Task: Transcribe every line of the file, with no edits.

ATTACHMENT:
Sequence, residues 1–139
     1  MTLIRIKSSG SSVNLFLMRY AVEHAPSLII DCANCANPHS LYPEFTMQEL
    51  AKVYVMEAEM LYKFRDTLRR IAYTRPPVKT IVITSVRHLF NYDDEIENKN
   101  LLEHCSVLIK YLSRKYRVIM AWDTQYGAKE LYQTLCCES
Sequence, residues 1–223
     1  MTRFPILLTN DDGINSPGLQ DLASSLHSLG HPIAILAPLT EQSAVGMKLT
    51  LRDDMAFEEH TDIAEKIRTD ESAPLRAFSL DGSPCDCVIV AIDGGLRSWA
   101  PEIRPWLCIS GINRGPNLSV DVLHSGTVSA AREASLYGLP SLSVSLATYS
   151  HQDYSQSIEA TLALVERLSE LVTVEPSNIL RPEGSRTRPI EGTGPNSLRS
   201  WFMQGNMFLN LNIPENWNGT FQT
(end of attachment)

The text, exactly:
Sequence, residues 1–139
     1  MTLIRIKSSG SSVNLFLMRY AVEHAPSLII DCANCANPHS LYPEFTMQEL
    51  AKVYVMEAEM LYKFRDTLRR IAYTRPPVKT IVITSVRHLF NYDDEIENKN
   101  LLEHCSVLIK YLSRKYRVIM AWDTQYGAKE LYQTLCCES
Sequence, residues 1–223
     1  MTRFPILLTN DDGINSPGLQ DLASSLHSLG HPIAILAPLT EQSAVGMKLT
    51  LRDDMAFEEH TDIAEKIRTD ESAPLRAFSL DGSPCDCVIV AIDGGLRSWA
   101  PEIRPWLCIS GINRGPNLSV DVLHSGTVSA AREASLYGLP SLSVSLATYS
   151  HQDYSQSIEA TLALVERLSE LVTVEPSNIL RPEGSRTRPI EGTGPNSLRS
   201  WFMQGNMFLN LNIPENWNGT FQT